Two bites at the cherry of sceptical comedy: Jimmy Carr: Terribly Funny, York Barbican, tonight, 8pm; Grand Opera House, York, Tuesday, 8pm
JIMMY Carr will be playing York twice inside a week on his rescheduled Terribly Funny tour, visiting both the Barbican and Grand Opera House.
The host of Channel 4’s The Friday Night Project and 8 Out Of 10 Cats will be discussing terrible things that might have affected you or people you know and love. “But they’re just jokes,” Carr says. “They are not the terrible things.”
Having political correctness at a comedy show is like having health and safety at a rodeo, he asserts. Box office: yorkbarbican.co.uk or atgtickets.com/york.
National treasure shows of the week: Jools Holland and His Rhythm & Blues Orchestra, York Barbican, tomorrow, 7.30pm; Harrogate Convention Centre, Saturday, doors, 7pm
PIANIST, bandleader and ringmaster Jools Holland is joined by his 19-piece orchestra for the 2021 autumn tour of his long-running celebration of ska, boogie-woogie and the blues.
The Later presenter, 63, will be welcoming regular vocalists Ruby Turner and Louise Marshall, plus special guest Chris Difford, his former compadre in Squeeze. Lulu is in with a Shout of a guest spot too. Box office: yorkbarbican.co.uk or harrogatetheatre.co.uk.
Folk gig of the week: Bella Gaffney, York St John University Theatre, Saturday, 7.45pm
BORN in Bradford and educated in Nottingham, singer-songwriter Bella Gaffney now lives in York, performing both in The Magpies trio and solo.
Combining her folk-inspired compositions with her original arrangements of traditional pieces, Bella has a new album on its way in 2022 funded by Arts Council England and York charity Doing It For Liam.
Listen out for the single Black Water, a lockdown-inspired homage to the River Wharfe and its power to connect Bella to family and friends miles away. Katie Spencer supports on a bill promoted by The Crescent in a new venture with York St John. Box office: ticketweb.uk.
Matinee idol of the week: Russell Watson, 20th Anniversary Of The Voice, York Barbican, Sunday, 3pm
REARRANGED from October 9 2020, Salford tenor Russell Watson’s 20th anniversary celebration of his debut album The Voice will be a Sunday afternoon performance.
Watson will be joined by a choir for a matinee concert featuring such favourites as Caruso, O Sole Mio, Il Gladiatore, Nessun Dorma, You Are So Beautiful, Someone To Remember Me and Faith Of The Heart. Box office: yorkbarbican.co.uk.
Escapist nostalgia of the week: York Musical Theatre in Hooray For Hollywood, Joseph Rowntree Theatre, York, Monday to Wednesday, 7.30pm
DEVISED by director Paul Laidlaw, York Musical Theatre Company’s Hooray For Hollywood celebrates songs from Tinseltown’s golden age of the 1920s, ’30s and ’40s. No
Laidlaw’s slick and sophisticated six-hander show stars Cat Foster, Rachel Higgs, Henrietta Linnemann, Helen Spencer, Richard Bayton and John Haigh, who will be evoking the days of Fred Astaire, Frank Sinatra, Judy Garland and Bing Crosby. Box office: josephrowntreetheatre.co.uk or on 01904 501935.
Podcast transfer of the week: No Such Thing As A Fish, Nerd Immunity, Grand Opera House, York, Monday, 8pm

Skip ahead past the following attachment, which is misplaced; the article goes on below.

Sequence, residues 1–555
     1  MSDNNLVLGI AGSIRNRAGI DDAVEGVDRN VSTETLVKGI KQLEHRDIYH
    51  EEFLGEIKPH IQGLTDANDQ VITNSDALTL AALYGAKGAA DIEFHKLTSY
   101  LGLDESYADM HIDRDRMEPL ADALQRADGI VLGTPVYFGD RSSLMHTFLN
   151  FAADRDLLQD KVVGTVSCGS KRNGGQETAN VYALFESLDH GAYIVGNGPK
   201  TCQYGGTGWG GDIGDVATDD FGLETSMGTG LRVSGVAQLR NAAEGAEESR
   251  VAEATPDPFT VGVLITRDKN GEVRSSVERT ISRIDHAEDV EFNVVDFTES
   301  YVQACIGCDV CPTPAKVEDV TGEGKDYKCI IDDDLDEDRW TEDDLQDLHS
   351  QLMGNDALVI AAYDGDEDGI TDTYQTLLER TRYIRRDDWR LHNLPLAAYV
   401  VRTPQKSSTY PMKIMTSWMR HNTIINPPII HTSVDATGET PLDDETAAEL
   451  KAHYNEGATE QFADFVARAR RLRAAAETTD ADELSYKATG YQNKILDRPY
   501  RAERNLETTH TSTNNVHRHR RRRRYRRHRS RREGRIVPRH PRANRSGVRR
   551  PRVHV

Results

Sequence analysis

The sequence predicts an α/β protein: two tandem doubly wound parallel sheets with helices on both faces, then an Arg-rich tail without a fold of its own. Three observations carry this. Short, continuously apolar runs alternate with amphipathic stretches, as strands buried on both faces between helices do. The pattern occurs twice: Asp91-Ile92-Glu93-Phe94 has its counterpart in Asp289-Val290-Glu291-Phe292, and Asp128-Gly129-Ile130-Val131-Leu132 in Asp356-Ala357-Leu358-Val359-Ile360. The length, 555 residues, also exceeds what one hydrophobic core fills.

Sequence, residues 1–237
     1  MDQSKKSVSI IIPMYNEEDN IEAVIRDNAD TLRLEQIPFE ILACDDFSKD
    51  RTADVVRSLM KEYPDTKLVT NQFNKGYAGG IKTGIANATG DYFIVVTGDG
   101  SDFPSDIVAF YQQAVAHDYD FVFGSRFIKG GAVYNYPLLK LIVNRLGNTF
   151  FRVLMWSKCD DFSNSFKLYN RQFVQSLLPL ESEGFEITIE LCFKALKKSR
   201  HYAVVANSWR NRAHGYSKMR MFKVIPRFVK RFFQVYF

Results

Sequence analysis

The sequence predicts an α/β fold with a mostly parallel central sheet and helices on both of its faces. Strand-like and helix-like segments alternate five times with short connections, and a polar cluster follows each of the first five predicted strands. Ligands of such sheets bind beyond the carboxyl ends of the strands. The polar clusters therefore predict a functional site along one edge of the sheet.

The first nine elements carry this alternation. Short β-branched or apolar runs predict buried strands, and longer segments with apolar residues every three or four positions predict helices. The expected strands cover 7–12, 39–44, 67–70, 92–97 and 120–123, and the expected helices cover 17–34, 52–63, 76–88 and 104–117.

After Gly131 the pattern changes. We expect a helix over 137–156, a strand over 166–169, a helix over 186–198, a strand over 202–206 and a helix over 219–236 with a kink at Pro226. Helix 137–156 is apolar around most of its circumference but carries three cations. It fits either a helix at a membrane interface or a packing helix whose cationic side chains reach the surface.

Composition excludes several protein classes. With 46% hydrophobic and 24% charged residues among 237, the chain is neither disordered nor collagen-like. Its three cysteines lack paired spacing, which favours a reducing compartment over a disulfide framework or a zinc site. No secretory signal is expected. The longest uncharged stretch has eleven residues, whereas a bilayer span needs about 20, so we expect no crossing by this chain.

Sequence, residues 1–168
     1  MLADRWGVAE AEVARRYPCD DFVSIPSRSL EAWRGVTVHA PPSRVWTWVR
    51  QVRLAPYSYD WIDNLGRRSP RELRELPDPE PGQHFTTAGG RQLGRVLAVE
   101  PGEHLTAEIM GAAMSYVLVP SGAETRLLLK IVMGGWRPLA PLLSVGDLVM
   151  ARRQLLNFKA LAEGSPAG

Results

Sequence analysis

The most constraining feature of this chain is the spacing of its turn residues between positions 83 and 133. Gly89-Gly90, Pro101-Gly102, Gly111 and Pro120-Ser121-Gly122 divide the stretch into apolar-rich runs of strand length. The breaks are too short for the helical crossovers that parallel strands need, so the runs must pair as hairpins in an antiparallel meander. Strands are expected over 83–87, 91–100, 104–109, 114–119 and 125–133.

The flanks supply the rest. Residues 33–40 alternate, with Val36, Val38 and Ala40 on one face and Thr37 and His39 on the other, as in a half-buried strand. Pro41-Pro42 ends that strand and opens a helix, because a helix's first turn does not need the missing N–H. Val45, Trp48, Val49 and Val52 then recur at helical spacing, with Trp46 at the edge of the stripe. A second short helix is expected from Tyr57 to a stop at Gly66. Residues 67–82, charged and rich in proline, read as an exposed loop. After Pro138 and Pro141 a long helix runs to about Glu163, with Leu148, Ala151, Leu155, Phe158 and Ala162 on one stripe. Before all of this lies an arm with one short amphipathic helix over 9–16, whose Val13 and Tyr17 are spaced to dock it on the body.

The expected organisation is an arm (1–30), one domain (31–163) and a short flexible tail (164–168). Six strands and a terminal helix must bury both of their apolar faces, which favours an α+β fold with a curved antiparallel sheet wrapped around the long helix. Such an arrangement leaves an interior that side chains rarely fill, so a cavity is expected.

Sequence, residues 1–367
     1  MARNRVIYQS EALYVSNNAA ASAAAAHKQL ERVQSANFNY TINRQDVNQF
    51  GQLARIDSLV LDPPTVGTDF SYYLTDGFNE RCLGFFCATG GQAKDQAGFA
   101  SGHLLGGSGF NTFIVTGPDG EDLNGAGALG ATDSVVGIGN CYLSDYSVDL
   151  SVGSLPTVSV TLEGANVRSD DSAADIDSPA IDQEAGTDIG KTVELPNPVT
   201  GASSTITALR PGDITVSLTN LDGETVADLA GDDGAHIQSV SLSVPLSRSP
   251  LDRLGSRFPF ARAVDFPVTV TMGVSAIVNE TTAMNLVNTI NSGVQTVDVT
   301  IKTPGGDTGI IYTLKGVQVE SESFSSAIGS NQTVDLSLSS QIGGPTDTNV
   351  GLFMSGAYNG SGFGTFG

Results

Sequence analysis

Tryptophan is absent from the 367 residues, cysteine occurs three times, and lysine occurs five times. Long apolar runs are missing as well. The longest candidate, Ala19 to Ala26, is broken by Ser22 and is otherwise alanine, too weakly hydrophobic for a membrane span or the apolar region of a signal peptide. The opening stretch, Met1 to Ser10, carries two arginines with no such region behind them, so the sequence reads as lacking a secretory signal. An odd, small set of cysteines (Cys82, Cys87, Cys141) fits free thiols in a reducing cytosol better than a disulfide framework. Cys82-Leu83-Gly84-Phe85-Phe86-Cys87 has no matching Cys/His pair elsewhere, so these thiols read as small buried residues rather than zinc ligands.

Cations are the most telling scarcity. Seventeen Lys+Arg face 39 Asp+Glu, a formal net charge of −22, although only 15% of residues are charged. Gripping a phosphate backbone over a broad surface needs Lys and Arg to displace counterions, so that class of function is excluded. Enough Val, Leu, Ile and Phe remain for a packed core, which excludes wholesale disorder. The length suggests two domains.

SUITABLE for “anyone with a thirst for knowledge, a taste for puns and a need for belly-laughs”, the weekly British podcast series No Such Thing As A Fish is presented by the geeky researchers behind the BBC Two panel game QI: James Harkin, Andrew Hunter Murray, Anna Ptaszynski and Dan Schreiber.
Now, “the QI elves” are on their first tour since 2019, revealing favourite unbelievable facts in their Nerd Immunity live show. Box office: atgtickets.com/york.
World premiere of the week in York: Emma Rice’s Wise Children in Wuthering Heights, York Theatre Royal, Tuesday to November 20
EMMA Rice’s Wise Children teams up with the National Theatre, York Theatre Royal and Bristol Old Vic for Rice’s folk musical, robustly visual account of Emily Bronte’s Yorkshire moorland novel.
Lucy McCormick plays Cathy in this epic story of love, revenge and redemption, now infused, according to the Guardian review, with “unfaithful storytelling”, pastiche, comedy and a “raging camp” tone. Interesting! Box office: 01904 623568 or at yorktheatreroyal.co.uk.
What better time for The Good Times: Omid Djalili, Grand Opera House, York, Wednesday, 8pm
AFTER experimenting with a Zoom gig where he was muted by 639 people, British-Iranian comedian, actor, television producer, presenter, voice actor and writer Omid Djalili is back where he belongs: bringing The Good Times to the stage.
Expect intelligent, provocative, fast-talking, boundlessly energetic comedic outbursts rooted in cultural observations, wherein Djalili explores the diversity of modern Britain. Box office: atgtickets.com/york.
Newly confirmed for 2022: Kristin Hersh Electric Trio, The Crescent, York, April 24, 7.30pm
THROWING Muses co-founder Kristin Hersh will return to The Crescent with her Electric Trio, featuring Throwing Muses bass player Fred Abong and drummer Rob Ahlers, from her other band, 50 Foot Wave.
In store is a loud, tight and intense set of material spread across singer and multi-instrumentalist Hersh’s 30-year career that saw Throwing Muses deliver their latest indie rock album, Sun Racket, in September 2020. Ahlers will open the gig in a solo showcase for his album Yellow Throat. Box office: thecrescentyork.com.
Recommended but sold out already:
SOUL singer Gabrielle’s Rise Again Tour show at York Barbican on Wednesday; poet and author Hollie McNish, hosted by York’s spoken-word crew Say Owt, at The Crescent, York, on Wednesday.